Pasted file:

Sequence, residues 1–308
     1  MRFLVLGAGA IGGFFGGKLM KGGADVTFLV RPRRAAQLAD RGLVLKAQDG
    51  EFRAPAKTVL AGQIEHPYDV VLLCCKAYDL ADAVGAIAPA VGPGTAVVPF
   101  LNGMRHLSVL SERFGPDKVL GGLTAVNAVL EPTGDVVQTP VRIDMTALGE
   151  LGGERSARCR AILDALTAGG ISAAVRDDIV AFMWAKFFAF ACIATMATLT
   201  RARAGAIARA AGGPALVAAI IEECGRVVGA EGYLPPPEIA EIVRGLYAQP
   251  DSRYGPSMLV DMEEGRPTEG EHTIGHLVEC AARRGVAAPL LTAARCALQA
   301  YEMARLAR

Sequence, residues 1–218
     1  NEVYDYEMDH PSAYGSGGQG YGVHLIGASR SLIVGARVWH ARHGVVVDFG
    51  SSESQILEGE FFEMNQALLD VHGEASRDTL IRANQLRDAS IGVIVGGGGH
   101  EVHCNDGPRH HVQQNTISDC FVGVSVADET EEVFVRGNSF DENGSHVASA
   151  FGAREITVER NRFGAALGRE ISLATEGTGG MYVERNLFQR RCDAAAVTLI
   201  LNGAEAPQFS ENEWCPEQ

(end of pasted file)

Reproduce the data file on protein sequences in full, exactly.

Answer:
Sequence, residues 1–308
     1  MRFLVLGAGA IGGFFGGKLM KGGADVTFLV RPRRAAQLAD RGLVLKAQDG
    51  EFRAPAKTVL AGQIEHPYDV VLLCCKAYDL ADAVGAIAPA VGPGTAVVPF
   101  LNGMRHLSVL SERFGPDKVL GGLTAVNAVL EPTGDVVQTP VRIDMTALGE
   151  LGGERSARCR AILDALTAGG ISAAVRDDIV AFMWAKFFAF ACIATMATLT
   201  RARAGAIARA AGGPALVAAI IEECGRVVGA EGYLPPPEIA EIVRGLYAQP
   251  DSRYGPSMLV DMEEGRPTEG EHTIGHLVEC AARRGVAAPL LTAARCALQA
   301  YEMARLAR

Sequence, residues 1–218
     1  NEVYDYEMDH PSAYGSGGQG YGVHLIGASR SLIVGARVWH ARHGVVVDFG
    51  SSESQILEGE FFEMNQALLD VHGEASRDTL IRANQLRDAS IGVIVGGGGH
   101  EVHCNDGPRH HVQQNTISDC FVGVSVADET EEVFVRGNSF DENGSHVASA
   151  FGAREITVER NRFGAALGRE ISLATEGTGG MYVERNLFQR RCDAAAVTLI
   201  LNGAEAPQFS ENEWCPEQ